During the five years that Fr. Baer served as pastor there were maintenance tasks that needed to be addressed. New sidewalk and curbing, new carpeting in school, a new gas/oil burner for the school, as well as new insulation in all the buildings of the parish to reduce higher energy costs. By 1980 the parish had grown to approximately 600 families. I was during Fr. Campion’s five years at St. Mary’s that talk about church renovation began. A committee of parishioners was formed to study the diocesan guidelines for church restoration. Because no clear consensus was reached at that time, the restoration project was suspended. During the five years of Fr. Campion’s pastorate another special event occurred for the parish in the ordination to the diaconate of Mr. LeRoy Knauf who continues to this day serving as deacon at the parish in Poniatowski.
In 1984 the Diocese of La Crosse received a new bishop, Bishop John Paul. St. Mary’s also received its new pastor in Fr. David Funk. With Bishop John Paul’s recommendation, the parish of St. Mary’s focused its attention on an addition to the school building. The new addition was completed and dedicated in the fall of 1986. It was during these years that the Sister’s convent was razed, a playground placed where the convent had been, and a new convent was purchased across the street from the church and school.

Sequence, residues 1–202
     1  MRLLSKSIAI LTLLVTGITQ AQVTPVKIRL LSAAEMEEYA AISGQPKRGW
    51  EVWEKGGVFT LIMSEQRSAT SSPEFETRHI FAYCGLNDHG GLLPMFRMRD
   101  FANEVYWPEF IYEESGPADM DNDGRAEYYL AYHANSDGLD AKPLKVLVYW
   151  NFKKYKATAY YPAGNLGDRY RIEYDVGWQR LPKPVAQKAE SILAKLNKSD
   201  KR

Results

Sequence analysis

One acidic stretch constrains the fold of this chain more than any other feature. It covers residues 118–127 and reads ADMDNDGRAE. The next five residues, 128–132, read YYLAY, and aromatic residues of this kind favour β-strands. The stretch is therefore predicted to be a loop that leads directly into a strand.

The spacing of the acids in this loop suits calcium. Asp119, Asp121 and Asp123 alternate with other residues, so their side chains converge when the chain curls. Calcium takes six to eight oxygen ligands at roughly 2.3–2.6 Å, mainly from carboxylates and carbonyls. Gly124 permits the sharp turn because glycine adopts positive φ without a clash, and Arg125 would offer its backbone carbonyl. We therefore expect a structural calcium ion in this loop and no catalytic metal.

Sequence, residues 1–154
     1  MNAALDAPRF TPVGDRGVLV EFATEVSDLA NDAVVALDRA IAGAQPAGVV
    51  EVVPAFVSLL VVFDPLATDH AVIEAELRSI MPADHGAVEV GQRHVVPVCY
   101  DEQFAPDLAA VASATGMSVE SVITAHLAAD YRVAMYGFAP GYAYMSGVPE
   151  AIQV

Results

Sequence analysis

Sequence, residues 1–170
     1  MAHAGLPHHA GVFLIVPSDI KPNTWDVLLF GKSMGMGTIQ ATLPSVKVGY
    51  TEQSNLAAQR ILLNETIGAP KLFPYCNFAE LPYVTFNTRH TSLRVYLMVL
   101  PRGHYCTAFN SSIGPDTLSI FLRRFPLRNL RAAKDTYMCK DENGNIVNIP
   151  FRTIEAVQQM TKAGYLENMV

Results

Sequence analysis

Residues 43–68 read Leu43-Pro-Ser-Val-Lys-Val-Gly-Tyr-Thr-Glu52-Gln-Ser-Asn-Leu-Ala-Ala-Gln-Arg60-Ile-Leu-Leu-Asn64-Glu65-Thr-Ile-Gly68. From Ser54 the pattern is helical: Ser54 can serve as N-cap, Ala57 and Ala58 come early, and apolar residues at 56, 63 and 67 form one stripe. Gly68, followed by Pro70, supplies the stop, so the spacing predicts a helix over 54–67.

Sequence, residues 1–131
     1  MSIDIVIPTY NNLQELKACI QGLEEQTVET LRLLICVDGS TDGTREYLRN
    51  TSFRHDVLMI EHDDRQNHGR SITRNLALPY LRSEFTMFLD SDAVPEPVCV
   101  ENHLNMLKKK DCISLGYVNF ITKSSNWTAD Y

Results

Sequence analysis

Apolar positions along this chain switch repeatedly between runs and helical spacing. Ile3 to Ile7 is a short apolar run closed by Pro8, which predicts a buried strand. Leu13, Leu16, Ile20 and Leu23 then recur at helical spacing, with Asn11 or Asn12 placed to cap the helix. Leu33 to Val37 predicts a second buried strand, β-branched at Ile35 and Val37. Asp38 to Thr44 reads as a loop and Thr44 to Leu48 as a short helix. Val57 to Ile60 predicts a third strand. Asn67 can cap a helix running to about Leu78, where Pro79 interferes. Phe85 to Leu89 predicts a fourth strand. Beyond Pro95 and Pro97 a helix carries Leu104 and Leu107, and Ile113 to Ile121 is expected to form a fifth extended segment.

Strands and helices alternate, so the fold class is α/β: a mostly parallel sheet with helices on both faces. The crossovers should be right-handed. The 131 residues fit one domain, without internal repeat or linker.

In 1990 Fr. Larry Abler was named as the sixteenth resident pastor of St. Mary’s Parish. A whirlwind had arrived at Marathon when he came. Fr. Larry was accompanied by two associates, Fr. Malcolm Maloney and Fr. Gerry Pehler. The bishop had asked the Capuchins to take on the additional parishes of Halder and Cassel. Another change in 1990 was that Sister Catherine Kaiser completed her term as principal. For the first time in St. Mary’s history a lay principal was at the helm of the school. The capable person chosen for the task was Mrs. Janice Michlig who had taught at St. Mary’s for 19 years prior to assuming the principal duties. Mrs. Michlig retired in 2001. She was succeeded by Mrs. Laurie Ellis. Ms. Terese Globensky presently serves as Principal of the school, with approximately 200 students in grades K-8.
During Fr. Abler’s pastorate, he introduced once again the notion of renovating the parish church. With an adept committee he was able to steer this renovation project from inception to completion. In 1993 Frs. Pehler and Maloney left St. Mary’s and Fr. Joe Jeruzal arrived as the associate pastor and would remain in that position until 1998.